Sep 05, 2023

Auto-generated hash-petnames for things

Usually auto-generated names aim for being meaningful instead of distinct, e.g. LEAFAL01A-P281, LEAFAN02A-P281, LEAFAL01B-P282, LEAFEL01A-P281, LEAFEN01A-P281, etc, where single-letter diffs are common and decode to something like different location or purpose.

Sometimes they aren't even that, and are assigned sequentially or by hash, like in case of contents hashes, or interfaces/vlans/addresses in a network infrastructure.

You always have to squint and spend time mentally decoding such identifiers, as one letter/digit there can change whole meaning of the message, so working with them is unnecessarily tiring, especially if a system often presents many of those without any extra context.

Usual fix is naming things, i.e. assigning hostnames to separate hardware platforms/VMs, DNS names to addresses, and such, but that doesn't work well with modern devops approaches where components are typically generated with "reasonable" but less readable naming schemes as described above.

Manually naming such stuff up-front doesn't work, and even assigning petnames or descriptions by hand gets silly quickly (esp. with some churn in the system), and it's not always possible to store/share that extra metadata properly (e.g. on rebuilds in entirely different places).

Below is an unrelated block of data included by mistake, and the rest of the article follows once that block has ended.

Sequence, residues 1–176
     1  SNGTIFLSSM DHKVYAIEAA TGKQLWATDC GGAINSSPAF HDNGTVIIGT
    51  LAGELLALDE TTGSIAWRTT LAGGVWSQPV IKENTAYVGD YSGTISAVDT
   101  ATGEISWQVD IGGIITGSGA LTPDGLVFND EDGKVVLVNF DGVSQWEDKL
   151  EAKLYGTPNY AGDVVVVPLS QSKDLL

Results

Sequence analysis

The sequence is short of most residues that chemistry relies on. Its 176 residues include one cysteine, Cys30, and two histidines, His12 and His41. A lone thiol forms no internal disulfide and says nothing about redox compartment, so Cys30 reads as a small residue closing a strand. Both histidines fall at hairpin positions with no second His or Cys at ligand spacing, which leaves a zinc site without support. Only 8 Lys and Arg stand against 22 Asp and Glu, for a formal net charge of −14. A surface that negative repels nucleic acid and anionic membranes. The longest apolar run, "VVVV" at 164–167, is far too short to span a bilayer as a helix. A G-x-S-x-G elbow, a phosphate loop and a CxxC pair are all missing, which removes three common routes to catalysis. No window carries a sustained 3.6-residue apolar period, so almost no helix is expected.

Useful solution I found is hashing to an automatically generated petnames, which seem to be kinda overlooked and underused - i.e. to hash the name to an easily-distinct, readable and often memorable-enough strings:

  • LEAFAL01A-P281 [ Energetic Amethyst Zebra ]
  • LEAFAN02A-P281 [ Furry Linen Eagle ]
  • LEAFAL01B-P282 [ Suave Mulberry Woodpecker ]
  • LEAFEL01A-P281 [ Acidic Black Flamingo ]
  • LEAFEN01A-P281 [ Prehistoric Raspberry Pike ]

Even just different length of these names makes them visually stand apart from each other already, and usually you don't really need to memorize them in any way, it's enough to be able to tell them apart at a glance in some output.

I've bumped into only one de-facto standard scheme for generating those - "Angry Purple Tiger", with a long list of compatible implementations (e.g. ):

% angry_purple_tiger LEAFEL01A-P281

% angry_purple_tiger LEAFEN01A-P281

(default output is good for identifiers, but can use proper spaces and capitalization to be more easily-readable, without changing the words)

It's not as high-entropy as "human hash" tools that use completely random words or babble (see z-tokens for that), but imo wins by orders of magnitude in readability and ease of memorization instead, and on the scale of names, it matters.

Since those names don't need to be stored anywhere, and can be generated anytime, it is often easier to add them in some wrapper around tools and APIs, without the need for the underlying system to know or care that they exist, while making a world of difference in usability.

Honorable mention here to occasional tools like docker that have those already, but imo it's more useful to remember about this trick for your own scripts and wrappers, as that tends to be the place where you get to pick how to print stuff, and can easily add an extra hash for that kind of accessibility.